Microsoft & .NET.NET.NET Tip: Searching System Event Logs for Valuable Info

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One of the more tedious tasks a system administrator has to do is review the system event logs using the Event Viewer. These logs can provide valuable information, but manually finding the worthwhile details in them can be difficult. Luckily, .NET provides some easy, automated ways to read and search event logs.

This tip creates a console application that reads a log looking for this type of message:

Login failed for user 'sa'. [CLIENT:]

The is a network address that is attempting to gain access to SQL Server. These events are logged as Failure Audit events in the Application log, and they seem to come from particular IP addresses. The goal is to detect when one of these occurs and to use the hardware firewall to blacklist the source IP address. However, scanning through the event log to find the addresses is a job better done by the computer.

Although the example application is a console application, you could change it into a service that monitors the log for particular entries on some set interval. You then could send the entry to an administrator via e-mail. Most administrators respond much better reactively than proactively, simply because there are too many things to watch in a large server farm.

The code for an application that reads the event log is simple:

using System;
using System.Diagnostics;
using System.Collections;
namespace LogScanner
   /// <summary>
   /// Application to scan system log for a particular message.
   /// </summary>
   class Executable
      /// <summary>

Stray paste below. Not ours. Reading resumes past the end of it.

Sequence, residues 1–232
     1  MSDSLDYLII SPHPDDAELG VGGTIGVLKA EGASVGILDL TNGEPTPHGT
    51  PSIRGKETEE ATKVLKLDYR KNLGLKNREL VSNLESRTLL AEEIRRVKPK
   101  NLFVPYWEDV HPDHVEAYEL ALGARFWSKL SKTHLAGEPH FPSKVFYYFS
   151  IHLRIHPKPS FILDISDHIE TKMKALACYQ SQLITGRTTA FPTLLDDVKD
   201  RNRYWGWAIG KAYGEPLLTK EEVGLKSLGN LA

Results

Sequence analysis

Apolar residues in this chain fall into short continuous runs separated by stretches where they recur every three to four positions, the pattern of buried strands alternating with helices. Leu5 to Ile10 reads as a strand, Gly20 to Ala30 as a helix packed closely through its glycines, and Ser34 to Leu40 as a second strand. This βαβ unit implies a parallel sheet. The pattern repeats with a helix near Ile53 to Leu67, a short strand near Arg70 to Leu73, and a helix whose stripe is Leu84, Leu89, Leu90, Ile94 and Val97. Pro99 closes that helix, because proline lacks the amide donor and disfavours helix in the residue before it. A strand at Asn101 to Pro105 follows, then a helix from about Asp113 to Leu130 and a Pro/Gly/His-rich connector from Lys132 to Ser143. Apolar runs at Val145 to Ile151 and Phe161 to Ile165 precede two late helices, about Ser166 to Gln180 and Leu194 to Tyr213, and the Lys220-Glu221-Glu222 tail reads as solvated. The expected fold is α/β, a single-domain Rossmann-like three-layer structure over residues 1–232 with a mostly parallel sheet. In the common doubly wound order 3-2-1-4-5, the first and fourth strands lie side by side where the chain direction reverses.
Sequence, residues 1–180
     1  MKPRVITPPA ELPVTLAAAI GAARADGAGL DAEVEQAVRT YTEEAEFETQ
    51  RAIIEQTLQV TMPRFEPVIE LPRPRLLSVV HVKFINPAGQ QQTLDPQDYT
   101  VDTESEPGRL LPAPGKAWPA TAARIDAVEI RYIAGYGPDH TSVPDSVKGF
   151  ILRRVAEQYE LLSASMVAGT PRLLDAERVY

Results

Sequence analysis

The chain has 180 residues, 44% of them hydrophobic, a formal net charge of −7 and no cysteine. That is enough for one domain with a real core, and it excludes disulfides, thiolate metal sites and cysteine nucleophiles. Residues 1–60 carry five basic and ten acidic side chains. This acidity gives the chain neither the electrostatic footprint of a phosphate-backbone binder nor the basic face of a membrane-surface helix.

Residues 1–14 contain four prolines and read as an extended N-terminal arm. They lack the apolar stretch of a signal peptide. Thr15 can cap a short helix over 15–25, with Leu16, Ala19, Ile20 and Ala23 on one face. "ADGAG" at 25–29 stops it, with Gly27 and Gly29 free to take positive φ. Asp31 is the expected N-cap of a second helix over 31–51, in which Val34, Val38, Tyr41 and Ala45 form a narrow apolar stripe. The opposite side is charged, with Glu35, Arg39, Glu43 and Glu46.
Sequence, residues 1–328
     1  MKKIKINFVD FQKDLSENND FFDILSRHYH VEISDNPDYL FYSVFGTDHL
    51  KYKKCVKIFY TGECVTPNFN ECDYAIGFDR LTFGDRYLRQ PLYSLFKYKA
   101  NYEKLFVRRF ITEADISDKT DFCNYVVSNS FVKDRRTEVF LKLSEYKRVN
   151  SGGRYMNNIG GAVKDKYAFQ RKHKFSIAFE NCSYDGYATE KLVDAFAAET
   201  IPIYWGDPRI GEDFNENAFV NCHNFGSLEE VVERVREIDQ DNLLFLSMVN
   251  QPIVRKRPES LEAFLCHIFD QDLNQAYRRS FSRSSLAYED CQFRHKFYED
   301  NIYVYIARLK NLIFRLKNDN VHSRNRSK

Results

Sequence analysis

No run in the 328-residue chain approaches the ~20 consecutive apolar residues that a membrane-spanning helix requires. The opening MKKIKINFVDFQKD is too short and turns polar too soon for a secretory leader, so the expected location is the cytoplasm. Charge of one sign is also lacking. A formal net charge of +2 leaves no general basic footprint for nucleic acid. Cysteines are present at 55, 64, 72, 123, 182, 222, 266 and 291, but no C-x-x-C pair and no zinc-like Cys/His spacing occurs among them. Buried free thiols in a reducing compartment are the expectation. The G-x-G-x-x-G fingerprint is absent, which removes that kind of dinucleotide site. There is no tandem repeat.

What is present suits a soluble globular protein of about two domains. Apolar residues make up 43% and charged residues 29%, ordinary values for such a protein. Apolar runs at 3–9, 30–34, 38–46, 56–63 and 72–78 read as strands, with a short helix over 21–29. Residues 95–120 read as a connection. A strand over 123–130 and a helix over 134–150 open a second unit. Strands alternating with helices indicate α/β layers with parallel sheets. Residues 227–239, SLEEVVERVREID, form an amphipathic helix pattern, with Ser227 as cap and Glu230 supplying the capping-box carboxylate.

/// The main entry point for the application.
      /// </summary>
      static void Main(string[] args)
         string address;
         int startPos, endPos;
         EventLog appLog = new EventLog("Application");
         Hashtable ipAddresses = new Hashtable();
         foreach (EventLogEntry e in appLog.Entries)
            if (e.Message.IndexOf("Login failed for user 'sa'.")
                >= 0)
               startPos = e.Message.IndexOf("[") + 9;
               endPos = e.Message.IndexOf("]", startPos);
               address = e.Message.Substring(startPos, endPos –
                                             startPos - 1);
               if (!ipAddresses.ContainsKey(address.ToString()))
                  Console.WriteLine("Found " + address + ".");

First, the application creates an instance of System.Diagnostics.EventLog to read the built-in Application log. If you’ve created your own log, you can specify the name of that log as an argument. Next, the program creates a hashtable for the addresses it finds. In my case, I get a whole series of attempts from the same address, but I want only one instance of the address to be displayed. The hashtable lets me quickly store the address and add a new address only if it doesn’t match.

The application then loops through the Entries collection of the log and reads the Message property. You also can look at properties such as the error number, the date/time, and so forth to help you find the messages you’re looking for. In the case of a service, it would make sense to store the last event entry that your service read and then look for entries only after that time. Otherwise, you’ll duplicate your previous results.

Finally, the program looks at the Message property to see if it contains the target message. If so, it extracts the network address (between opening and closing square brackets) and adds it to the hashtable, if it’s not already there. It also dumps out the address to the console so that the user can see the address immediately. The application finishes up by closing the application log object. If you were doing this as a service, you might replace the Console.WriteLine with a block of code at the end that e-mails the administrator the addresses that were found.

About the Author

Eric Smith is the owner of Northstar Computer Systems, a Web-hosting company based in Indianapolis, Indiana. He is also a MCT and MCSD who has been developing with .NET since 2001. In addition, he has written or contributed to 12 books covering .NET, ASP, and Visual Basic.

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